Secrets to a Healthier Smile with Diabetes: Your Guide to Oral Care

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We all know someone with diabetes or may even struggle with diabetes ourselves.  We also know that diabetes is a disease that affects our entire body, including our oral health.  One of the main challenges of diabetes is controlling blood sugar.  People with high blood sugar also have a higher concentration of sugar in their saliva, which puts them at a higher risk of getting cavities since saliva is normally protective of teeth.  Higher sugar content in saliva also makes your mouth an environment where it is easier for plaque and bacteria to build up on your teeth.  More plaque and bacteria mean you are at a higher risk for periodontal (gum) inflammation or even periodontal disease and bone loss, which can lead to tooth loss.

People with diabetes are also at risk of having decreased saliva (dry mouth or Xerostomia).  This can lead to increased risk of tooth decay, ulcers, sores and thrush (burning mouth or tongue).  Dry mouth can be caused by uncontrolled blood sugar or simply from the medications that diabetic patients take.  Make sure to let Dr. Stenvall know about any changes to your medications which will help her to know what medications she can and can’t prescribe you.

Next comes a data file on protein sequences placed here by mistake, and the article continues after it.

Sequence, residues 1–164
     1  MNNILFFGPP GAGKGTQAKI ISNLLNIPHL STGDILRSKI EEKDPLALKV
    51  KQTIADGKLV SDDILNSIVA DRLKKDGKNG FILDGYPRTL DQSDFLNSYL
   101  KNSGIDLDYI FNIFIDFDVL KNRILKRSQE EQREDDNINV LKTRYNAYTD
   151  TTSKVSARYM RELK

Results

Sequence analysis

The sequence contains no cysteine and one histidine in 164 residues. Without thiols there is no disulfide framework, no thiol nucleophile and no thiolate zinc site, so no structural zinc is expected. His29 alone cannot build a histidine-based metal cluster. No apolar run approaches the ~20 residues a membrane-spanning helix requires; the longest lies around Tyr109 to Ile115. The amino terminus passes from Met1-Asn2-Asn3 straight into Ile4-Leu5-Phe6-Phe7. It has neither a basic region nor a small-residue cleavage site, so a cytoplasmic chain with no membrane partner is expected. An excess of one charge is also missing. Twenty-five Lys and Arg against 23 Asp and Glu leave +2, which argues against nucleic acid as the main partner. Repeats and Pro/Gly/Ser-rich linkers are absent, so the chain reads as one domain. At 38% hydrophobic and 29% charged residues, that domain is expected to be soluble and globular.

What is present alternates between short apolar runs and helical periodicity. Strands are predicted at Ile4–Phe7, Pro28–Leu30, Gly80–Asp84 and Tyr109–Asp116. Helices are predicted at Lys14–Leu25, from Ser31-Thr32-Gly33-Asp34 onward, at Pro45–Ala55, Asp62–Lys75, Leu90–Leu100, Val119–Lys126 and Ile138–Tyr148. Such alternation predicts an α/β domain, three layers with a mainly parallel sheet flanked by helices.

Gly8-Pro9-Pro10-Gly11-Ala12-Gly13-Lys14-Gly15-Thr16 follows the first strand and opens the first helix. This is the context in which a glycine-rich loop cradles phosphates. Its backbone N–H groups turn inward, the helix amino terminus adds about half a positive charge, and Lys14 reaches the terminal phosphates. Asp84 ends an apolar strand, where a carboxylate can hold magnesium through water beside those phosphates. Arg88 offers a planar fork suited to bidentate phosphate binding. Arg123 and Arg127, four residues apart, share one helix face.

It is even more critical for diabetic patients to be diligent with their oral home care, because of these complications.  We recommend our diabetic patients purchase an electric toothbrush and use it twice a day so they can thoroughly and easily keep their teeth clean.  Also, maintaining regular hygiene visits at Queen City Dental Arts to help prevent oral problems and to catch any potential problems early before they create any pain or infection.

Keeping your blood sugar levels under control is the most important aspect in maintaining overall wellness when you have been diagnosed with diabetes.  Your HgA1C (Hemoglobin A1C) is the best way to determine the stability of your long-term blood sugar levels.  If your blood sugar is well-controlled, your A1C will most likely be below 7%.  Higher A1C may cause poor healing in patients.  Let our team at QCDA know if your diabetes is uncontrolled.  You will want to postpone any surgical procedures until your blood sugar is more stable unless you have an acute dental infection that needs to be addressed right away.  Be sure to follow any post-op instructions closely to prevent any complications after you go home.

Prevention is always the best policy! Do your best to keep your mouth clean at home by brushing twice a day and flossing daily.  Work with your doctor on maintaining controlled blood sugar and if you smoke, talk to your doctor about ways to quit. Reach out to Dr. Stenvall and the Queen City Dental Arts team if you have any questions about diabetes and how it may affect you and your oral health!

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